Siemens Partners with Arm on Automotive Electronics Design

In its Pave360 digital twin technology, Siemens is using Arm’s intellectual property to help automakers and suppliers simulate and verify designs before the vehicle is built.

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The automotive industry has been at the forefront of new automation technology adoption for decades. Beyond its broad adoption of industrial robots in the 1980s to its more recent integration of collaborative robots and use of additive manufacturing, automotive manufacturers have also been applying various software technologies to optimize assembly operations, improve automotive design, and promote collaboration in the manufacturing process.

Now the industry is turning toward the use of digital twin technology to simulate and verify sub-assembly designs before manufacturing. This is a critical advantage in a number of applications, ranging from reducing the weight of autonomous vehicles to the design of safety systems.

A good example of this can be seen in Siemens Digital Industries (formerly Siemens PLM) partnership with Arm, the well-known supplier of semiconductor products and device architectures. The two companies are initially focusing on the automotive industry to help automakers, integrators, and suppliers collaborate, design, and deliver their next-generation platforms. More specifically, the companies are focusing on developing platforms for active-safety, in-vehicle infotainment, digital cockpits, and self-driving vehicles.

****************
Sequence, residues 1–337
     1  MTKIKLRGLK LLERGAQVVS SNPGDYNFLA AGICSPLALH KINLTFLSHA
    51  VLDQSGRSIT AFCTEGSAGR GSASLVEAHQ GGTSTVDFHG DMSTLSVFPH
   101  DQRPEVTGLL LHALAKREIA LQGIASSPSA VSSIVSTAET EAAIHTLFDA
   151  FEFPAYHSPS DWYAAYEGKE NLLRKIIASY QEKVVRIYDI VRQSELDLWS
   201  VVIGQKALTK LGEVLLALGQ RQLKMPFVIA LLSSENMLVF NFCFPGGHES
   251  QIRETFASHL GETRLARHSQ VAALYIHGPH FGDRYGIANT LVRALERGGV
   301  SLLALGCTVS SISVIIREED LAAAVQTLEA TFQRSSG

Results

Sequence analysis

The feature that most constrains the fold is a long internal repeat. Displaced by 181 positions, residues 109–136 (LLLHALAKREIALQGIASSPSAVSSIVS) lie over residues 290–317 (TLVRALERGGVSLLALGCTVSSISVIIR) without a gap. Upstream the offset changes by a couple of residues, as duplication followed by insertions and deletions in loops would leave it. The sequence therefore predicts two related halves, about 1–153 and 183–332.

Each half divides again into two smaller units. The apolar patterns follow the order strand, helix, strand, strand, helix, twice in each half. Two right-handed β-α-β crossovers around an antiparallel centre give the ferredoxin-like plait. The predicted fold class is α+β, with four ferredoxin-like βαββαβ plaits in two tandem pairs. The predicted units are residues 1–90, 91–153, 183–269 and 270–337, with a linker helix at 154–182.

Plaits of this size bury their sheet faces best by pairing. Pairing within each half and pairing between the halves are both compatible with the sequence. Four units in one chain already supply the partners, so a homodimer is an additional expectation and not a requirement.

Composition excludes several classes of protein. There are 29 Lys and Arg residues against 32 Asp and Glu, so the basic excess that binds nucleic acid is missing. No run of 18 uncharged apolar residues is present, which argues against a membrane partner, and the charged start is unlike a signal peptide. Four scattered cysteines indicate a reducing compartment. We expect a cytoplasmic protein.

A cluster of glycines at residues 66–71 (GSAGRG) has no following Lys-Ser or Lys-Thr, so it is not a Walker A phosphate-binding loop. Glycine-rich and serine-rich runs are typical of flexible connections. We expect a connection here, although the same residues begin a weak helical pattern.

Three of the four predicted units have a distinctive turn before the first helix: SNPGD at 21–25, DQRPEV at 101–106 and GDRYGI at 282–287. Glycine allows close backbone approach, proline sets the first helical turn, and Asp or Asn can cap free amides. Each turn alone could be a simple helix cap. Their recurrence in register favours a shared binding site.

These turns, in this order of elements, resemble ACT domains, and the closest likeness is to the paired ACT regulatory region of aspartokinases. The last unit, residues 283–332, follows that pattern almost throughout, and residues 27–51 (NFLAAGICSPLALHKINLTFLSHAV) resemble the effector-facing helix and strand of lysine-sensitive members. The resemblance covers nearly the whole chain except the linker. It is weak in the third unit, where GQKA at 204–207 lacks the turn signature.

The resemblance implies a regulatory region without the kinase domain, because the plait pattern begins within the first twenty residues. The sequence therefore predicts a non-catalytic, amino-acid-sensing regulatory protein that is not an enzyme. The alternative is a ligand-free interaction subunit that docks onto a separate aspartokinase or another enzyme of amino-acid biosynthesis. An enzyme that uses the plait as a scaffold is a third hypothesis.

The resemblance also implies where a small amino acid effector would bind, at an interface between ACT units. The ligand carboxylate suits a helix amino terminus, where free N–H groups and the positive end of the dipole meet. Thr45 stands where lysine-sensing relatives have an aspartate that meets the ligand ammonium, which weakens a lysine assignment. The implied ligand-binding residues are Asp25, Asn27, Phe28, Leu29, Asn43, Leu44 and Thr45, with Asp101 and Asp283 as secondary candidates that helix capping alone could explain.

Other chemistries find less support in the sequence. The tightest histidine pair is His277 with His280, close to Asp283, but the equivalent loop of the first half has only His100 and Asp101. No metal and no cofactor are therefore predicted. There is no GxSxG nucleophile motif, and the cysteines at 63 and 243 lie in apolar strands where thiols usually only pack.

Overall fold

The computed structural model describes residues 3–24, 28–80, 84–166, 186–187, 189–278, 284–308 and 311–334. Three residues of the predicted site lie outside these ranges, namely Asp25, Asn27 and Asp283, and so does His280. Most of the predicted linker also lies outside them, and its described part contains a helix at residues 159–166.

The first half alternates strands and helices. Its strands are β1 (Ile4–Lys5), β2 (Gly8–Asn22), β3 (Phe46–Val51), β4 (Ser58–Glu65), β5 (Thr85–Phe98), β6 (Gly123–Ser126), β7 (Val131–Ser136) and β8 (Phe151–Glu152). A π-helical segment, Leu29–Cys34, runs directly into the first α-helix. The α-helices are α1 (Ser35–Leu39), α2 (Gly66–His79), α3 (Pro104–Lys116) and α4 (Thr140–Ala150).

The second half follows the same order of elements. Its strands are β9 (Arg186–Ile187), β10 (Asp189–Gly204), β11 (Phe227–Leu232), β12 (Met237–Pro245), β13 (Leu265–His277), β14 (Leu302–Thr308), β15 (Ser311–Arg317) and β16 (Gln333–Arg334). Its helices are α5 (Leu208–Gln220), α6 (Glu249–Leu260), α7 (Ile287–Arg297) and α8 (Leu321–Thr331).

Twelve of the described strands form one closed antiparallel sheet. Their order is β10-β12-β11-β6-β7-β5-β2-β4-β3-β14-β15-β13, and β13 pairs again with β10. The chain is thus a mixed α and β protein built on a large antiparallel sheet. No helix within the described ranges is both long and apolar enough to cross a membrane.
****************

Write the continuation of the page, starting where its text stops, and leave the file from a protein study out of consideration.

Siemens’ Pave360, introduced in May 2019 as part of the company’s Xcelerator portfolio, is a digital twin software environment that can be used to model devices in an automobile ranging from sensors and integrated circuits (ICs) to vehicle dynamics and the environment within which a vehicle operates. The software uses Arm Automotive Enhanced products with functional safety support, enabling collaboration in the development and validation of differentiated safety enabled systems, ICs, and software applications in the context of the entire vehicle. This capability will help automakers and suppliers simulate and verify sub-system and system-on-chip designs to better understand how they perform within a vehicle design before the vehicle is built. 

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